First Look: Counter Cafe East

Second outlet of classic diner has more space, same personality

photo by john anderson

Debbie Davis and her business partners were not about to find themselves casualties of the rapid redevelopment of Downtown, so they were proactive in finding an alternative home for their popular Counter Cafe.

While Davis still has a lease on the original (626 N. Lamar) for the forseeable future and the piece of property that is home to the tiny diner, a small parking lot, and a CompuSigns outlet is not currently slated for development, she wisely began making expansion plans last year. Davis has never been afraid to tackle long-term projects.

When the Austin native returned here from Fredericksburg and took over the former G/M Steakhouse location, she had her work cut out for her. Changes in the surrounding neighborhood and rising property values had contributed to the demise of Gus Vayas' diner in 2005. It took Davis several weeks of thorough cleaning to completely rid the old greasy spoon of the patina of animal fat and stale cigarette smoke that laminated every surface. She opened in the late spring of 2007 and the Old West Austin neighborhood soon embraced Davis' version of the classic diner. It soon became known for fresh, locally-sourced food and a exceptionally good burger. Davis is determined to replicate that success at the new location.

The new Counter Cafe (1914 E. Sixth) is settled in the west end of the former East Austin post office building. A much smaller post office service area is now in the center of the building and the sleek new dinner house, Gardner, takes up the east end. Counter Cafe serves breakfast and lunch until 4pm daily while Garner is open for dinner and late night, allowing for plenty of parking for both restaurants. Talk about efficient redevelopment!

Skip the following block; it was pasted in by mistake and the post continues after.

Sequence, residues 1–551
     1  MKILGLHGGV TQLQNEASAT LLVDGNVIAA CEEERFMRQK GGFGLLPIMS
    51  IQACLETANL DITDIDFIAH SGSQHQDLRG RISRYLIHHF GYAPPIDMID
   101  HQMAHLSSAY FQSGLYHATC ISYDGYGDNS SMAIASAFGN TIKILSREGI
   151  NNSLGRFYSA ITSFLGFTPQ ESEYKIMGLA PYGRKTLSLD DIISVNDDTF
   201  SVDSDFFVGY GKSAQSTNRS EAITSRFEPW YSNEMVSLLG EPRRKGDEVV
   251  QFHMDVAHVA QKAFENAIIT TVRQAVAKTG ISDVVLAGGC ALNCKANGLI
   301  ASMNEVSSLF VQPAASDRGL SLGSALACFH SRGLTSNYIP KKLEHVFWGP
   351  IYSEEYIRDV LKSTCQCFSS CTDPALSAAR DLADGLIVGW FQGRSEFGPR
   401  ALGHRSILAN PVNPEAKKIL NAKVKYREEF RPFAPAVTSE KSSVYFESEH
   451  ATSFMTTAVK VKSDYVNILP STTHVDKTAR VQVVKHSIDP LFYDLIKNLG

A couple of weeks ago, we dropped in to check out the facilities and found Davis, her new business partner Doug Kissner, and culinary partners Nick and Steve Cruz tying up loose ends and preparing for the soft opening. The Cruz brothers were exceptionally proud of the new kitchen, saying "We measured everything down to the fraction of an inch to make sure all the new equipment would fit. Our guys are excited about having this much room to work in for a change."

photo by John Anderson

The new cafe is larger and brighter that the original with high ceilings that provide an airy, expansive feel to the traditional diner footprint. All the familiar elements are in place – everything is just roomier and more comfortable. The community table sits in the sunny front window, carefully-placed stools face the expanded open kitchen line, and a row of two-top tables line up to a cushy, upholstered banquette along the west wall. The bathrooms are roomy and handicapped accessible. The covered dining patio is shaded from the west sun and is likely to be a popular dining spot most of the year. Davis is pleased to finally provide her staff with a convenient walk-in cooler, dry storage shelving, and a dish room. Design-wise, the new spot is everything anyone could ask for in a neighborhood restaurant.

When we returned for breakfast during the soft opening week, Davis and Kissner were busy working the full dining room, chatting with customers about longer than average ticket times and explaining how long it would take to make a second batch of the artisan cheese grits. Nick Cruz and his team were cooking furiously in full view of the diners, headbands keeping the sweat out of the eyes. "On the line at the other place, they were used to a two-step. This here is a jitterbug," Davis told me ruefully.

She's right, of course, and the kitchen staff may not be quite ready to be overrun by opening crowds. But the truth is, no matter how much planning is done, no kitchen staff gets into an efficient working groove until they've fed enough full houses to have a realistic idea of how much food to prep every day. It shouldn't be long before Cruz and his team master the jitterbug speed necessary to put the food out in a timely fashion, with plenty of grits on hand.

According to Debbie Davis, now that they've seen the new Counter in operation, she and the team are taking a few days this week to "regroup" and solve some of the problems that cropped up last week. They'll do another soft opening weekend starting on Friday, then shoot for a more high profile grand opening after that.

photo by john anderson

Counter Cafe East
1914 E. Sixth, 512/351-9161
Daily, 7:30am-4pm

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